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Mike Podhorzer’s 2014 Bold Predictions

This is my fourth year posting my bold predictions and it is always one of the most enjoyable posts to put together. In 2011, I published a whopping 20 bold predictions, but only hit on 4 of them. I say only, but in reality, my benchmark or target correctness was always 20% to begin with. In 2012, I increased my batting average to a more respectable .300, hitting on 3 of my 10 predictions. I was again right on with 3 of my 10 last year. After consolidating my skills, am I due for a breakout season with 5 correct predictions?

Being one of, if not, the last of the RotoGraphers to post his bold predictions, I tried my best to avoid discussing the same players as others, or at the very least, use the same angle. But alas, this was too difficult.

1. Carlos Carrasco is the most valuable Indians starting pitcher.

Blasphemy! Look, I love Danny Salazar and sometimes find myself doing some embarrassing things while watching him pitch. But he was treated with kid gloves last year and his innings total could seriously cap his fantasy upside. I’m a proud member of the Corey Kluber Society, but he’s no guarantee to see his ERA dip closer to his SIERA, let alone repeat those strong peripherals. There’s no chance Justin Masterson repeats that strikeout rate, pushing up his ratios and denting his fantasy value.

I haven’t talked a whole lot about Carrasco this year, except here, and this was by design. He enjoyed a velocity spike last year, still possesses a lethal changeup, and induces lots of ground balls. His results were disastrous last year, which will allow him to fly completely under the radar…until now perhaps. He’s no lock to make the rotation, but with only Josh Tomlin battling him at this point, it would be silly to banish the youngster with big upside to the bullpen.

2. Oswaldo Arcia launches 30 home runs.

As a rookie, Arcia impressively finished 14th among all qualified batters in average batted ball distance last year. This was no fluke as he routinely posted .200+ ISO marks in the minors. His fly ball rate was a healthy 41% and although he struck out a ton during his time with the Twins, he made much better contact in the minors, suggesting that improvement is likely. I suppose that given his .288 wOBA versus southpaws, there may be some slight concern that he gets benched against some or all left-handed starters, especially since he also posted massive splits in the minors. That would cut into his at-bat total and make it difficult to reach the 30 home run plateau.  But the Twins are a team going nowhere and it would seem to be in their best interest to run him out there each game and see if he could be an every day player.

3. Billy Hamilton is demoted to Triple-A by the end of May.

Last year I predicted that Josh Rutledge would get the boot, so Hamilton seemingly represents my best opportunity to go 2 for 2 on demotion predictions. Unsurprisingly, Hamilton has been a popular choice to make the subject of a bold prediction, but the content of those predictions has varied wildly. There are really just two numbers needed to make my argument: .308 and .300. Hamilton posted a weak .308 OBP at Triple-A last year and a poor .300 wOBA. Seriously, if he couldn’t hit at Triple-A, what makes anyone believe he could at the Major League level? Helping his case to stay up with the big club is that the Reds have a laughable group of alternatives. But if he does indeed flop offensively, they’ll figure something out to replace him in center field.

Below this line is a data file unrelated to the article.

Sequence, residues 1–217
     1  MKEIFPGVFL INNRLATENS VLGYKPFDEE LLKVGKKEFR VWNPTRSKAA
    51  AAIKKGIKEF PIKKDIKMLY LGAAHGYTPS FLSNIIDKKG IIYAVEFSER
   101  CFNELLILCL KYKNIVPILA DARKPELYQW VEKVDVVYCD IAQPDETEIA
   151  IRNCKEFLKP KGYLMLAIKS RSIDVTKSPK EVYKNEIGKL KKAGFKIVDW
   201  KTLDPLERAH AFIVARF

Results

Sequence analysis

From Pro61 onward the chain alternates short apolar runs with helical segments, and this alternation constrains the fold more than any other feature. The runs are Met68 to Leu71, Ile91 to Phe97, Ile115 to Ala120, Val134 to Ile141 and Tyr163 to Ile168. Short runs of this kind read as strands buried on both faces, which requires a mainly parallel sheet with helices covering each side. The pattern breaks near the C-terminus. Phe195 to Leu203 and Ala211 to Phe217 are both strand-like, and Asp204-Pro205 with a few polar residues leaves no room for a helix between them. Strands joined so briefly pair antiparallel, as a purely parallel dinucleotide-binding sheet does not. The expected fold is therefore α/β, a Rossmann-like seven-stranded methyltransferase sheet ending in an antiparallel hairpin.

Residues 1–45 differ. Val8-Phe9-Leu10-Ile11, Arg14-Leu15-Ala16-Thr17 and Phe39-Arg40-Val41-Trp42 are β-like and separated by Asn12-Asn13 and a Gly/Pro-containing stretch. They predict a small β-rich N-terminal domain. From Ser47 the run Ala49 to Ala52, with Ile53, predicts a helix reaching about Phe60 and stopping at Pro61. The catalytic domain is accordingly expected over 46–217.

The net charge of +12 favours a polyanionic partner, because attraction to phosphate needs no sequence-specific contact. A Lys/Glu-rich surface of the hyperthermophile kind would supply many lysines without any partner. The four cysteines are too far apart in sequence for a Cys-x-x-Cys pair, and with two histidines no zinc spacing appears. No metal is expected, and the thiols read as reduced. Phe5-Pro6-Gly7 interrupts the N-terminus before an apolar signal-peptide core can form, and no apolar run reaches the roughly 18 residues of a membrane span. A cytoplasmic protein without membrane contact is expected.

4. Drew Hutchison wins a rotation spot out of spring training and earns positive 12-team mixed league value.

I’m a sucker for velocity spikes. Hutchison missed the majority of the 2013 season after undergoing Tommy John surgery in 2012. He never made it back to the Majors last year but apparently has the inside track on a rotation spot to open the season. He has shown some excellent strikeout rates in the minors along with some mediocre ones, while his control has always been good.

Most intriguing though is that he was sitting 92-93 mph with his fastball early on in his last outing before revving that up to around 95 mph in his final inning in the fifth. In 2012, his fastball averaged just 91.4 mph. So not only is his velocity seemingly all the way back, but he’s one of those fun TJ returnees whose rehab work has paid off in the form of a harder fastball. Even without the increased velocity, he displayed some promising skills, so the specter of some strikeout rate upside adds to the excitement.

5. Marcus Semien outearns Anthony Rendon.

With word coming that Conor Gillaspie is likely to win the third base job for the White Sox and Matt Davidson opening the year in the minors, Marcus Semien could be the main beneficiary. Gillaspie poses little obstacle there, but Semien can also play second base. Gordon Beckham is already hurting and he hasn’t been any good offensively when he actually is healthy. Semien enjoyed a fantastic 2013 season across three minor league stops, walking nearly as often as he struck out, while hitting 21 home runs and swiping 24 bags. He is the perfect deep sleeper type who could luck his way into some playing time and capitalize.